Origin and Production. In Algeria the Atlas cedar oil is distilled from the wood of Cedrus atlantica, Manetti2), which is closely related to the Lebanon cedar. The yield varies between 3 and 5 p. c. The oil, which the manufacturer labels "Libanol-Boisse" is used as a medicament in bronchitis, tuberculosis, blennorrhcea, also for skin diseases.

Properties8. It is a somewhat viscid, light brownish, balsamic liquid: d15o0,950 to 0,968; aD + 46to +62°; nD30o1,512 to 1,517; A. V. to 2,0; E. V. 3 to 11; E. V. after acetylation 30 to 46, corresponding to 12 to 19 p. c. of C15H26 04); soluble in 1 to 10 vol. of 90 p. c. alcohol. The solubility increases with the sesquiterpene alcohol content.

Composition. According to E. Grimal5) 80 p. c. of the oil distilled over between 270 and 295°. Small amounts of acetone were found in the lowest fraction. In fraction 180 to 215° about 5 p. c. of a ketone C9H140 were found. It yielded a semicar-bazone melting at 159 to 160° and a liquid oxime, which upon bromination yielded a dibromide melting at 132 to 133°.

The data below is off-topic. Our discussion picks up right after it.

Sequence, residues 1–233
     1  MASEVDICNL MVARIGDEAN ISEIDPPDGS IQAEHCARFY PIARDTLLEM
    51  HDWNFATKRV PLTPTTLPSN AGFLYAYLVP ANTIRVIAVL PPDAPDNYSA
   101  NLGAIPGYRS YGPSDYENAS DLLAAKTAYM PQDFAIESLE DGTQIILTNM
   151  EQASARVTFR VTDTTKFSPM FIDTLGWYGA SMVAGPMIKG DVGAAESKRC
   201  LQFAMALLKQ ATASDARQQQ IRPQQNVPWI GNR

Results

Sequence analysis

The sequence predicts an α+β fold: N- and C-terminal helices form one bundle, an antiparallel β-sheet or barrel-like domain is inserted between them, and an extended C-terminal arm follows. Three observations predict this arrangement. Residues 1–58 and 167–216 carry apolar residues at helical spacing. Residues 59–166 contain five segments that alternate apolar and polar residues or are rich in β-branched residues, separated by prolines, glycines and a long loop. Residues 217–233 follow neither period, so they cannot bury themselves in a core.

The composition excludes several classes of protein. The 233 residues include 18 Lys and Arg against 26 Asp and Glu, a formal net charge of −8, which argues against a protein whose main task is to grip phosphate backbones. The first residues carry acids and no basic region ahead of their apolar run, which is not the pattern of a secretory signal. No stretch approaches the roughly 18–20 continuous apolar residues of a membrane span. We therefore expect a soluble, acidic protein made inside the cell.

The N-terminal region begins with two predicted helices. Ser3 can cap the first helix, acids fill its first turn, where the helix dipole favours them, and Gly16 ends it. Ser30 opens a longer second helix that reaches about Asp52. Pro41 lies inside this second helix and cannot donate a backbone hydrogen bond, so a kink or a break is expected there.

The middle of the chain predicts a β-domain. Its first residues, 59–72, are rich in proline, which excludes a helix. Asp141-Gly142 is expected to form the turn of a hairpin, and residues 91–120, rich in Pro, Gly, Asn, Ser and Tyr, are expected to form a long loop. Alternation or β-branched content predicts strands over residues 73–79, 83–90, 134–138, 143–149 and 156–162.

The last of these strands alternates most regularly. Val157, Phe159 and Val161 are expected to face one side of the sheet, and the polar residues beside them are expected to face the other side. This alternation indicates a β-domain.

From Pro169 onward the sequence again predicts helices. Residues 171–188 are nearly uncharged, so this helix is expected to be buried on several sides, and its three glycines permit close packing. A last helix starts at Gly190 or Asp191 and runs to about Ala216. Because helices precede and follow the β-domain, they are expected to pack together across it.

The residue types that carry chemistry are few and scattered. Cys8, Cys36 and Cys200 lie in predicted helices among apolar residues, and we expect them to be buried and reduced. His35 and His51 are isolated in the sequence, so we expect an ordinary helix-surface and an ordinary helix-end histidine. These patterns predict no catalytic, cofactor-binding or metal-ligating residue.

1) Report of Schimmel & Co. October 1909, 132.

2) Dr. Trabut, Sur I'huile de Cedre de 1'Atlas. Bull. Sciences Pharmacol. 1900, 262; Report of Schimmel $ Co. April 1901, 58; April 1902, 12; October & 1902, 25.

3) Observations made in the Laboratory of Schimmel & Co.

4) Comp. also Chemist and Druggist 61 (1902), 236.

5) Compt. rend. 135 (1902), 582 and 1057.

As the principal constituent of the higher fractions d-cadinene with the following properties was identified; b. p. 273 to 275°; d0,9224; [a]D20o + 48°7'; nD20o1,5107. The chlorhydrate melted at 117 to 118°; [a]D20o + 25°40'. The cadinene regenerated from the chlorhydrate with sodium acetate in glacial acetic acid solution revealed the following constants: b. p. 274 to 275°; d 0,9212; [a]D20o +- 47° 55'; nD20o1,5094. The bromhydrate melted at 124 to 125°.